So which one did I finally pick? Well, I broke down and bought a copy of OneNote 2007. One of the biggest reasons was desktop search capability. Even though EverNote has some very nice tagging capability, which trumps filing, search trumps tagging. It’s like rock-paper-scissors but without the circular relationship.

I also started to realize that I wasn’t going to get anything (short of buying a tablet PC) that did highly reliable hand-writing recognition. I was occasionally impressed by that function in EverNote, and I have to give them credit since they are the only ones to have something like this in product, but it’s just not good enough yet to be useful. You can’t extract the text, and if you peek at the XML content, you’ll see what I meant by “shotgun” approach above. For a given hand-written word, any word that is reasonably close gets entered into the database as a match. It’s a one-to-many relationship, so you think it’s working because you get positive hits. When you search on what you expect to match, it matches fairly often. What’s not so obvious at first is that lots of other stuff (incorrect words) will match too. This one-to-many structure is probably why EverNote doesn’t let you copy the recognized text from a hand-written paragraph. There is no cohesive translation per se.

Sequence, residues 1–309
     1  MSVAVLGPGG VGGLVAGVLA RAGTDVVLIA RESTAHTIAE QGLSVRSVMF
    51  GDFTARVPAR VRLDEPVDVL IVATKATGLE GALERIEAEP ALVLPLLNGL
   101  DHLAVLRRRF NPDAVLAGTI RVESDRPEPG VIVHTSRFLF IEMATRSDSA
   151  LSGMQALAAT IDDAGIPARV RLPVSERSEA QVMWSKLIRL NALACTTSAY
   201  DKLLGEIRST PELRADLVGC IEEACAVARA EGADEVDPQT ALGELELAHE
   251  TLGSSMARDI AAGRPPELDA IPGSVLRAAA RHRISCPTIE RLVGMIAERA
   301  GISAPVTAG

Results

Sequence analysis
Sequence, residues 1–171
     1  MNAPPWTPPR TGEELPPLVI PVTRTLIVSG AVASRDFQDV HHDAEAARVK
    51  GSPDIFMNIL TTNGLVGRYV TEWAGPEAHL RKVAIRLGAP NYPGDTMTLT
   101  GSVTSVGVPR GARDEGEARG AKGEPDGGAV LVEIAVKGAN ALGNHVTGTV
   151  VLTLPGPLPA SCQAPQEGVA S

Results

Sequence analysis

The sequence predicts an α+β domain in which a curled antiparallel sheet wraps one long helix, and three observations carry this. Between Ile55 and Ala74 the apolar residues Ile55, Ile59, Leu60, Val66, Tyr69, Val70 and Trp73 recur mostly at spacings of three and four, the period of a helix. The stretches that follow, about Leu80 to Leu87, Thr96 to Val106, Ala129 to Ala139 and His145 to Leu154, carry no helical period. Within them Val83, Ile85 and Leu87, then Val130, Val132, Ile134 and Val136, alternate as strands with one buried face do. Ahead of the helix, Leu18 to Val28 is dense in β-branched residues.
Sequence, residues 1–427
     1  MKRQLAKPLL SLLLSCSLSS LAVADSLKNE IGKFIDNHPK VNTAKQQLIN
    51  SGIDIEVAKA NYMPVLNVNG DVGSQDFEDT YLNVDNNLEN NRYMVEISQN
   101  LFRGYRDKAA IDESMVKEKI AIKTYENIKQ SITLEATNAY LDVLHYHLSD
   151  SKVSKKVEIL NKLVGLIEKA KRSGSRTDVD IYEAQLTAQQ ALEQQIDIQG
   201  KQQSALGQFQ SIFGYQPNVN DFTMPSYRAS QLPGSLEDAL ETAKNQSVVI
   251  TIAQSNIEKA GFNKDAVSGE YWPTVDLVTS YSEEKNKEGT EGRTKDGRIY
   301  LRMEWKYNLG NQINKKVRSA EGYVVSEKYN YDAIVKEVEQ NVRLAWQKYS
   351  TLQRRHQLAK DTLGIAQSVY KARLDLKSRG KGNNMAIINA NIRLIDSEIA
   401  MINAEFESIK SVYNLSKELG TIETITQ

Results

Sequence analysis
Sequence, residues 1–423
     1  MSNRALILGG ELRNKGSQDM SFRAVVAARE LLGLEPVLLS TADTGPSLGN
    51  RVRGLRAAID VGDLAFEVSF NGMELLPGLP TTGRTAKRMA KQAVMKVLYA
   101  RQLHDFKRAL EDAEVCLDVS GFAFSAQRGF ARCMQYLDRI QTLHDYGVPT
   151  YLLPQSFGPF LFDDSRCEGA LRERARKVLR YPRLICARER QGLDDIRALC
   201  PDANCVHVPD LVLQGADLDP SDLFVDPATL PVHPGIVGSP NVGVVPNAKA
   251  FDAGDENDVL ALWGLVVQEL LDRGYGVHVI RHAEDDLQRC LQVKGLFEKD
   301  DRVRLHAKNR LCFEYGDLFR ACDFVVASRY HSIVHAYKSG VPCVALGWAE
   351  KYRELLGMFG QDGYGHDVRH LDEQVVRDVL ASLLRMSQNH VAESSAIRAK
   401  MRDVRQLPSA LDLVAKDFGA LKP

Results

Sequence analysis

The final nails in the coffin were the editing capability (GUI) and the ability to make synchronized tasks in Outlook with a single click. There are some short-comings to this feature which I will discuss in a future post, but still pretty handy.

So that’s where I am today. It would be great to hear from you as to what tools you prefer and what you think of my assessments. Please post your comments below!